A bite into an apple is the sweet sound of fall in Vermont -- and a perk of the job for James Bove. He has been managing Chapin Orchards in Essex for more than a decade now. He says, the local food movement is one reason people come out here.
"It's also a place to enjoy, it's as much about the experience as getting apple to take home," he says.
Twist and pull -- Hallie Coots has perfected her apple picking skills. Hallie is picking apples with her mom and some family friends.
And mother Sioban Farley even brings the apple peeler with her, knowing Lauren likes hers without the skin!
When my mom heard I was coming to the orchard, she said to make sure and bring home apples for pie. So I'm here doing the work and she'll be baking later. Sounds like a sweet deal to me!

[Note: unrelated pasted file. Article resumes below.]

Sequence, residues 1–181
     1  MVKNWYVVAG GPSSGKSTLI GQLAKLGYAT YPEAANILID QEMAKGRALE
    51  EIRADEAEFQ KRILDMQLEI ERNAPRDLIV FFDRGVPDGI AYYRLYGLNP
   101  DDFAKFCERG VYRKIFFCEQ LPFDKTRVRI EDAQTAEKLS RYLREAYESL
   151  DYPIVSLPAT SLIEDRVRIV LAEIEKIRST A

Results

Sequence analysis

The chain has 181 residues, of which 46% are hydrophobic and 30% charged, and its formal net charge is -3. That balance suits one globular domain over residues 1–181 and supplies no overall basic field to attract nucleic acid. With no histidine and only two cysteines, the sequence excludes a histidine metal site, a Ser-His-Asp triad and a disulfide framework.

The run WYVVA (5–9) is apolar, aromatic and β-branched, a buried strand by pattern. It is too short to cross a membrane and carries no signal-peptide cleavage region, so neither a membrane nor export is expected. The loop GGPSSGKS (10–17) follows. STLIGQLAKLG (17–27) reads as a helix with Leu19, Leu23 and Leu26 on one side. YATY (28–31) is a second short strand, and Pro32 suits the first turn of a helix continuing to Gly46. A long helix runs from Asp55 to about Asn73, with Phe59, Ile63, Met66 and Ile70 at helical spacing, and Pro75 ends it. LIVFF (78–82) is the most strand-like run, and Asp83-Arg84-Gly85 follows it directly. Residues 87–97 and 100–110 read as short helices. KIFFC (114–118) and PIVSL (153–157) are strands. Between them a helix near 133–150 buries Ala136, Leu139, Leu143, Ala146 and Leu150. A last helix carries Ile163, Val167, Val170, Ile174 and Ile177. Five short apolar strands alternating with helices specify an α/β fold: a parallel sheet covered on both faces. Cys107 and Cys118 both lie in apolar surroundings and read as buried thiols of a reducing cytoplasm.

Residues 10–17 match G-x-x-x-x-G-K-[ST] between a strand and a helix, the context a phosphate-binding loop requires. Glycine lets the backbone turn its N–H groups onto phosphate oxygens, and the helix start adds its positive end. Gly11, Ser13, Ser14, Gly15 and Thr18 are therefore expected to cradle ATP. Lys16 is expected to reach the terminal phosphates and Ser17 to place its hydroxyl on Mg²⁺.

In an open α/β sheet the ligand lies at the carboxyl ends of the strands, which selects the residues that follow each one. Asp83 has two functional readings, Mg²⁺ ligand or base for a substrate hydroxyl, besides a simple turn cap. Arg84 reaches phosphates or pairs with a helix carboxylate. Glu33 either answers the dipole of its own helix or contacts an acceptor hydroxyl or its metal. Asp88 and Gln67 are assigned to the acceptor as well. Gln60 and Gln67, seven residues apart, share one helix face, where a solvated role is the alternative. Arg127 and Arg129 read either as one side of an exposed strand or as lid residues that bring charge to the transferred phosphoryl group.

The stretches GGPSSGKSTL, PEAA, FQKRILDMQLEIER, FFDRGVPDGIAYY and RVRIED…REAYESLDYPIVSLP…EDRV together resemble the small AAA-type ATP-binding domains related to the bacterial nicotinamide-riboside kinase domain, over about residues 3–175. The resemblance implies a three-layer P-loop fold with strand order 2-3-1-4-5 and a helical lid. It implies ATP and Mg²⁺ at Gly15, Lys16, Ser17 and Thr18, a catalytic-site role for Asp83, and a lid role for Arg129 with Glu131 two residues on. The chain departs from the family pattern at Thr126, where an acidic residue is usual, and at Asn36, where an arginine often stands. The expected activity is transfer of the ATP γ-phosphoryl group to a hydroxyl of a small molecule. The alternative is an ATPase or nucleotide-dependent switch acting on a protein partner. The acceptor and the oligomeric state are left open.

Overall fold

"We like to put them in pancakes, apple bread, apple pies, even just eating them like this is wonderful!" says Farley.
"It's a slice of heaven," says Philip Murdock.
Murdock has traded in his F-16 for a tractor. The former wing commander for the Air National Guard is out picking apples for a business that grew out of a love for this land. And, maybe a love for the sweet treats that come from it.
Reporter: "Are you an apple pie or apple crisp guy?"
Murdock: "I'm both! My wife makes a great apple crisp!"
As for James ....
"Both, as long as someone else is making them!" he says.
But out here, apples often don't even make it home.
Farmers say cool nights and sunny days are perfect, especially for the Macintosh apples.
That kind of weather helps the apples convert the starch to sugar, making them sweeter.